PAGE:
At the time, his motivation for the robbery was clear: The voices wanted him to fast, and to do so, he would have to get out from under the watchful gaze of the guardians who prepared his meals. Cancun seemed an ideal place to fast; to get there, he would need money.

About a year earlier, the New Westminster native was diagnosed with schizoaffective disorder, a combination of schizophrenia (typically characterized by delusions, hallucinations and breaks with reality) and dramatic mood swings. The milder symptoms of his adolescence had progressed into full-blown psychosis – a detour in Mr. Richardson’s road to adulthood that took him through B.C.’s mental health system.

His illness also brought him full-circle within the province’s criminal justice system, from being a robbery suspect, face-down and handcuffed on the streets of downtown Vancouver, to a speaker at the Justice Institute of B.C., where all municipal police officers in B.C. are trained and – as of this year – learn how to interact with the mentally ill.

The province has taken steps to advance its mental health system, investing in new facilities and launching a 10-year plan focused on preventing problems and on early intervention. However, mental health advocates point to lengthy waiting lists, gaps in care, and the alarming number of police service calls that involve people with mental illnesses as proof much is still to be done. The Canadian Mental Health Association (CMHA) in B.C. has launched a campaign to make mental health an issue in next month’s provincial election.

A price tag can be put on how mental illness affects the economy – about $51-billion annually in health care and lost productivity in Canada, with about $6.6-billion of that in B.C. – but the emotional cost is incalculable and widespread. About one in five Canadians will experience a mental illness.

While only 1 per cent of Canadians will have schizophrenia, Mr. Richardson’s story shows the strong hold a mental illness can have – and the complexities involved in treating it.

Throughout high school, the symptoms “weren’t too dramatic,” Mr. Richardson recalls: “One day, I would be sleeping on the desk, and the next day, I would be on an emotional high, cracking jokes a mile a minute.” The graduating class at New Westminster Secondary elected him valedictorian because they knew he would make them laugh.

Next came a year at Simon Fraser University. Through an entrepreneurs club, Mr. Richardson landed a job as a junior executive assistant at a large venture capital firm, a position that afforded the young man free hockey tickets and occasional use of his boss’s Ferrari. On the surface, life was great, but Mr. Richardson began feeling withdrawn. When he was let go from the job, he didn’t mind.

The voices started when he was 23 or 24, familiar tones that were innocuous at first and even encouraging. One, for instance, told him to make a list of all the things he wanted to do. Mr. Richardson made that list, although he can’t remember if he ever accomplished those goals.

Even now, as a 39-year-old fully aware of his condition, it is impossible for Mr. Richardson to differentiate the hallucinatory from the real. The voices of his illness are as real as the voice of the barista who makes his coffee, the clerk who bags his groceries. They are, perhaps, even more real: “They kind of talk to my heart,” he said. “They affect me quite deeply.” So when the voice of a woman he quietly admired from afar told him to fast, he did. His weight dropped and he began acting out of character.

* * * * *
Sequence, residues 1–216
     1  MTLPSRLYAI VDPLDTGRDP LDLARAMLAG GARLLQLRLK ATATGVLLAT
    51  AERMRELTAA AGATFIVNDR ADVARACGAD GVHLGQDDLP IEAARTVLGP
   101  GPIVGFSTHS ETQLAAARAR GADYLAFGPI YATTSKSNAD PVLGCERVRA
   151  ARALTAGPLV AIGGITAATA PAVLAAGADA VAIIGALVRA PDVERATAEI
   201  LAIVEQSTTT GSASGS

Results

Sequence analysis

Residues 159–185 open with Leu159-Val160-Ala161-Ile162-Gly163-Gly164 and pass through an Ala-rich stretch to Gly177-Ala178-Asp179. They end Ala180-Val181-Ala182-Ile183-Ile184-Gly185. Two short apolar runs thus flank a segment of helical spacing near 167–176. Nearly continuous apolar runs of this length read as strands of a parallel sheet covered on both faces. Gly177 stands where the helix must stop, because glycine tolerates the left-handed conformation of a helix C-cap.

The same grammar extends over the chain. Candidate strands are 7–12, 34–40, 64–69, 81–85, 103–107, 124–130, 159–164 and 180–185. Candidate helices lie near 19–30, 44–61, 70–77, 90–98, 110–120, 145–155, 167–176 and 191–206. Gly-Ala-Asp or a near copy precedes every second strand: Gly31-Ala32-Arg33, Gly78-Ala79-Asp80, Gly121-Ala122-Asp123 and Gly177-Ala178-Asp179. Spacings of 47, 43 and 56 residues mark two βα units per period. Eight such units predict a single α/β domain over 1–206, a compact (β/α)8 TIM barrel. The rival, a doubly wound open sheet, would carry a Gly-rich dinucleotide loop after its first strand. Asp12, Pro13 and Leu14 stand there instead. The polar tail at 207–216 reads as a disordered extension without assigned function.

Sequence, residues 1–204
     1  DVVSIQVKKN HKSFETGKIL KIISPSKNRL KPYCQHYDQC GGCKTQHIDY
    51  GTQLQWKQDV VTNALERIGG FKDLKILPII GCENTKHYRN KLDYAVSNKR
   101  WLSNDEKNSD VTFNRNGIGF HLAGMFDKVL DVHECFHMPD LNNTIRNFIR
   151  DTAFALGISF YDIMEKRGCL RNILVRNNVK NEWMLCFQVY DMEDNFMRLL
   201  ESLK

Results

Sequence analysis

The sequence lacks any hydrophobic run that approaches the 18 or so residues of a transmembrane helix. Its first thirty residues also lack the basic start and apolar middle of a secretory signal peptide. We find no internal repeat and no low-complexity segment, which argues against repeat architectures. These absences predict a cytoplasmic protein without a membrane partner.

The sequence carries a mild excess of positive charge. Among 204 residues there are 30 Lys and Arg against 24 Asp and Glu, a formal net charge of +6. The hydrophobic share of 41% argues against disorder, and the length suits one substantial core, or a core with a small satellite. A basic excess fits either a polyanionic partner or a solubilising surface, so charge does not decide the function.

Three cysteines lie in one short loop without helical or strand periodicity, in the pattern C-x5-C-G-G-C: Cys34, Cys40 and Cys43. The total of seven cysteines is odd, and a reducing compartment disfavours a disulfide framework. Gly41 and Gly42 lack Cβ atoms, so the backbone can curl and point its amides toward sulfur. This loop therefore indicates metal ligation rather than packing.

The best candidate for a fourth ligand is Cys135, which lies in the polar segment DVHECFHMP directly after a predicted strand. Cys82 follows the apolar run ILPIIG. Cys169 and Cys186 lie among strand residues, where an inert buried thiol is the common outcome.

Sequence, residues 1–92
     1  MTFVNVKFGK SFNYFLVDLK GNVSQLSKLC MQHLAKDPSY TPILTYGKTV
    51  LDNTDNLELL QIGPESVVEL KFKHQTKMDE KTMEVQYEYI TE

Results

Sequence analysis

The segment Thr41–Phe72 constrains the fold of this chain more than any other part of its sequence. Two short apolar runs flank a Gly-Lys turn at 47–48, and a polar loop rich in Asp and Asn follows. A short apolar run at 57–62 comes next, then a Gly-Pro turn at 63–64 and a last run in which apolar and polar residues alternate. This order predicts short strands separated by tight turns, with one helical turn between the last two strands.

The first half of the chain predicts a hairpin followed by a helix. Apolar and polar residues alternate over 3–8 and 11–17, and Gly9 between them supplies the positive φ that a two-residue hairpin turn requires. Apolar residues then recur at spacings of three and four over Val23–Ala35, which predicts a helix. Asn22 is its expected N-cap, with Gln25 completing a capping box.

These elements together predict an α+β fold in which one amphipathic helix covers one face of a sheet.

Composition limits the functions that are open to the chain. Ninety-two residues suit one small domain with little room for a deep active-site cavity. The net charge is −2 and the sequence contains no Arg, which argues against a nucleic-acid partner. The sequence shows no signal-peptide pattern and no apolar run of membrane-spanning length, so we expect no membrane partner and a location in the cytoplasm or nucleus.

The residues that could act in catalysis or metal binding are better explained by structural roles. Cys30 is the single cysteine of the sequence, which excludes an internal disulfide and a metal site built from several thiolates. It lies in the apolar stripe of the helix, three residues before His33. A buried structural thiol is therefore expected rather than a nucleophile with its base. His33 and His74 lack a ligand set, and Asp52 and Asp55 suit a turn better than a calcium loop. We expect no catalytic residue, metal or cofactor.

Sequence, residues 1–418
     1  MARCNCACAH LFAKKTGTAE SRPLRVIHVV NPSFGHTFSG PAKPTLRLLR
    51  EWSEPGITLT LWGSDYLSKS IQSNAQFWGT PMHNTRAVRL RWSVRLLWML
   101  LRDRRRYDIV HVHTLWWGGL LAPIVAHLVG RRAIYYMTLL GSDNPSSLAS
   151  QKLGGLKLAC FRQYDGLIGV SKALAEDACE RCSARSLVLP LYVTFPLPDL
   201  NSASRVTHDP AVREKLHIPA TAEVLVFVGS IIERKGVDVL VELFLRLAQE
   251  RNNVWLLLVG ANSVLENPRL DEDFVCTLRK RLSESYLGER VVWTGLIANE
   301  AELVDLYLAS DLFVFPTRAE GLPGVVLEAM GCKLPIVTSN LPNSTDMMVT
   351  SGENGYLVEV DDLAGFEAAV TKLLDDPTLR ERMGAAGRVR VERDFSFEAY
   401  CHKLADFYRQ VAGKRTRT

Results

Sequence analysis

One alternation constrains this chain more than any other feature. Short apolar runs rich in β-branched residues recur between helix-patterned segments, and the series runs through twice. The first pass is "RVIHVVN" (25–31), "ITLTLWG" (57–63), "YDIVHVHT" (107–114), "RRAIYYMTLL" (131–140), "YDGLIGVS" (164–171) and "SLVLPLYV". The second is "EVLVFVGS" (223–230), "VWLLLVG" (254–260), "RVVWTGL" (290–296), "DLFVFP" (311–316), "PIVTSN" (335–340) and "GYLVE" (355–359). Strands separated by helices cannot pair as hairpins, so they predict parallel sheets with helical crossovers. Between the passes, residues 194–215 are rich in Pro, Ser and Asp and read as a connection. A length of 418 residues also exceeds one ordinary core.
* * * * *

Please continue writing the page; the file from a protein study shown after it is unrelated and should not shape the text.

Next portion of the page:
Continue reading at The Globe and Mail.

East Vancouver cultural institution The Waldorf Hotel to close

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The Waldorf Hotel in 1952 (Vancouver archives)

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The Waldorf Hotel in 1952 (Vancouver archives)

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The Waldorf Hotel in 1952 (Vancouver archives)

From the Globe and Mail:

FRANCES BULA AND MARSHA LEDERMAN

The closing of Vancouver’s Waldorf Hotel – which went from working-class hangout to a key city arts hub two years ago – spawned an online memorial Wednesday over the city’s inability to preserve interesting cultural spaces in the face of rampant condo development.

Dismayed responses from City Hall, major city artists and random patrons swirled on the Internet after the hotel’s young operators announced they would have to close their doors Jan. 20 because the hotel has been sold to the Solterra Group of Companies, a boutique condo developer.

Mayor Gregor Robertson, who issued a statement but did not give any interviews, said: “The Waldorf closing is a big loss to Vancouver’s growing creative community … [The] city is exploring ways to support the Waldorf continuing as one of Vancouver’s most unique and vibrant cultural spaces.”

The 1947 hotel is not on the city’s heritage register, but the land is zoned industrial, which gives the city considerable bargaining power with any developer who comes in wanting a rezoning to build condos.

The modernist-style hotel, with a restored Tiki lounge, two nightclubs and a restaurant, had generated an eclectic mix of activities since it opened in October of 2010, operating almost like a giant arts community centre.

There were concerts by local performers such as Grimes, Black Mountain and the Japandroids, other shows by leading arts figures such as Douglas Coupland and photographer Rodney Graham, a gallery, food-truck festivals, arts-group gatherings and more.

The hotel operators’ news release commented bitterly on the fact they had helped create the conditions for developer interest.

“The irony that the Waldorf was taken over by a condo developer in the very area we helped reinvigorate is obvious to anyone,” entertainment director Thomas Anselmi said in the release. The other hotel operators are Ernesto Gomez, Daniel Sazio and Scott Cohen.

Continue reading here.